WelCom News
A newspaper for the Wellington and Palmerston North Catholic Dioceses

Bl Mary MacKillop 8 August

The founder of the Religious of St Joseph in Australia and New Zealand, Mary MacKillop, is honoured next month in the church’s liturgical calendar. Sr Sian Owen explores the situation which led Mother Mary MacKillop to establish the order.

Sian Owen rsj

Many of the Catholics arriving in Australia during the mid 19th century were poor and lived away from large urban centres where there were churches or schools.

Two people with a dream, could see a way of organising religious that would make them mobile and accessible to the needs of these catholic communities. One was the daughter of Scottish immigrants.

Mary MacKillop’s family situation meant that she saw first hand that many Australians had little access to formation in faith and struggled to become financially secure. Her dream was to somehow be part of a group that could be present to these struggling families and help to educate their young, even when they lived ‘beyond the black stump’.

While a governess to members of her extended family, Mary met a priest who shared her concerns and believed that she and others like her could make a difference.

Father Julian Tenison Woods became Mary MacKillop’s mentor and spiritual director. In 1866 Mary and companions were professed as the first sisters of this new congregation.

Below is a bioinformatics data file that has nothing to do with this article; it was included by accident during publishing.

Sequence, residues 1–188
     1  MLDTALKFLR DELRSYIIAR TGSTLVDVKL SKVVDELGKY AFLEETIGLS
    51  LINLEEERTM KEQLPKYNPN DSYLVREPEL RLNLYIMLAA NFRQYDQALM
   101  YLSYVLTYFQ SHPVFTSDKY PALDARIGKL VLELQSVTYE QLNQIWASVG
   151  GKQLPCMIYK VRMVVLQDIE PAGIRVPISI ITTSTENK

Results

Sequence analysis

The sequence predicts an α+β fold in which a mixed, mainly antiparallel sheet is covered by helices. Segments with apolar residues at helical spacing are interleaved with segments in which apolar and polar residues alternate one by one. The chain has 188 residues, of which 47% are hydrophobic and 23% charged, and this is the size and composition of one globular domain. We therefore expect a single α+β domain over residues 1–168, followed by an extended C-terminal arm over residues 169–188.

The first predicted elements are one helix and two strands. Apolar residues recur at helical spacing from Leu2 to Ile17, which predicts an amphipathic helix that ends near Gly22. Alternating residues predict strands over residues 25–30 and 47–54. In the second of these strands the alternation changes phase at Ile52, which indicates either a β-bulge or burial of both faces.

Established Catholics were not sure what to make of the new religious institute Julian and Mary founded. The Sisters of St Joseph of the Sacred Heart did not seem like other orders of religious women. Often they lived in communities so isolated that they could not attend mass on Sundays let alone every day, their homes were often the spaces that they taught in, the highest authority for the sisters was their superior and not the local priest or bishop.

However, it became apparent that this model did serve the needs of the church. Soon orphanages and refuges joined the schools that the sisters were running. Many young women shared the dream and entered the institute.

New Zealanders also had educational needs. Hearing of the sisters’ work in the Australian outback, Father Fauvel asked Mary MacKillop to send sisters to his parish area of Temuka.

His persistence paid off and in 1883 the first sisters of St Joseph – the brown Josephites as they were nicknamed – arrived in New Zealand. Quickly communities of Josephites spread to other parts of New Zealand.

Mary was to visit New Zealand three times. Travelling from the North to the South visiting sisters in Matata, Remuera, Temuka… While here in 1897 Mary went with sisters to establish a community in Arrowtown and it was in Rotorua during her third visit that she suffered a stroke.

She never fully recovered from this.

Mary died on 8 August 1909 and was beatified in Sydney in 1995 which is why the Church of Australia and New Zealand celebrate her feast day on that date. Through the ministry of her sisters around New Zealand in communities as diverse as Gore, Pangaru and here in Wellington her spirit and dream live on.